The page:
A mutant yeast deficient in Golgi transport of uridine diphosphate N-acetylglucosamine

UMMS Affiliation

Department of Biochemistry and Molecular Biology; Department of Biochemistry and Molecular Pharmacology

Publication Date


Document Type



Biological Transport; Fungal Proteins; Genes, Fungal; Glycolipids; Golgi Apparatus; Kluyveromyces; Membrane Glycoproteins; Mutation; Temperature; Uridine Diphosphate N-Acetylglucosamine


Life Sciences | Medicine and Health Sciences


Mannan chains of Kluyveromyces lactis mannoproteins are similar to those of Saccharomyces cerevisiae except that they have terminal alpha1-->2-linked N-acetylglucosamine and lack mannose phosphate. In a previous study, Douglas and Ballou (Douglas, R. K., and Ballou, C. E. (1982) Biochemistry 21, 1561-1570) characterized a mutant, mnn2-2, which lacked terminal N-acetylglucosamine in its mannoproteins. The mutant had normal levels of N-acetylglucosaminyltransferase activity, and the partially purified enzyme from wild-type and mutant cells had the same apparent size, heat stability, affinity for substrates, metal requirement, and subcellular location. No qualitative or quantitative differences were found between mutant and wild-type cells in endogenous mannan acceptors and pools of UDP-GlcNAc. Chitin was synthesized at similar rates in wild-type and mutant cells, and the latter did not have a soluble inhibitor of the N-acetylglucosaminyltransferase or a hexosaminidase that could remove N-acetylglucosamine from mannoproteins. Together, the above observations led Douglas and Ballou ((1982) Biochemistry 21, 1561-1570) to postulate that the mutant might have a defect in compartmentation of substrates involved in the biosynthesis of mannoproteins. We determined whether the above mutant phenotype is the result of defective transport of UDP-GlcNAc into Golgi vesicles from K. lactis. Golgi vesicles which were sealed and of the same membrane topographical orientation as in vivo were isolated from wild-type and mnn2-2 mutant cells and incubated with UDP-GlcNAc in an assay in vitro. The initial rate of transport of UDP-GlcNAc into Golgi vesicles from wild-type cells was temperature dependent, saturable with an apparent Km of 5.5 microM and a Vmax of 8.2 pmol/mg of protein/3 min. No transport of UDP-GlcNAc was detected into Golgi vesicles from mutant cells. However, Golgi vesicles from both cells translocated GDP-mannose at comparable velocities, indicating that the above transport defect is specific. In addition to the above defect in mannoproteins, mutant cells were also deficient in the biosynthesis of glucosamine containing lipids.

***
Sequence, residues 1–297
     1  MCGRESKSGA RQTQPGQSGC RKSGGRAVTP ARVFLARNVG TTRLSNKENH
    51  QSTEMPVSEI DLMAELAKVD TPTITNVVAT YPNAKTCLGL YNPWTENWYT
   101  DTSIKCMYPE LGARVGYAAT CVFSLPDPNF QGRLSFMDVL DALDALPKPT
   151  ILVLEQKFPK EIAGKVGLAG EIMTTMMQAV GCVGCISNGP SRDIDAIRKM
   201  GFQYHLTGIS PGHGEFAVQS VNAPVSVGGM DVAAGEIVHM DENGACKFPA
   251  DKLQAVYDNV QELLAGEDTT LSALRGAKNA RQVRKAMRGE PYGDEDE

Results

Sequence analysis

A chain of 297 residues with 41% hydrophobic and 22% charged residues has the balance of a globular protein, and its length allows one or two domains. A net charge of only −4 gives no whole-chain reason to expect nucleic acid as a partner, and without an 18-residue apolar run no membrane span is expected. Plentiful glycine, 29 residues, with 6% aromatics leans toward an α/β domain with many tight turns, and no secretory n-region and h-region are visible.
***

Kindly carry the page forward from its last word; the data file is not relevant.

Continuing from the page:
DOI of Published Version



J Biol Chem. 1996 Apr 12;271(15):8851-4.

Journal/Book/Conference Title

The Journal of biological chemistry

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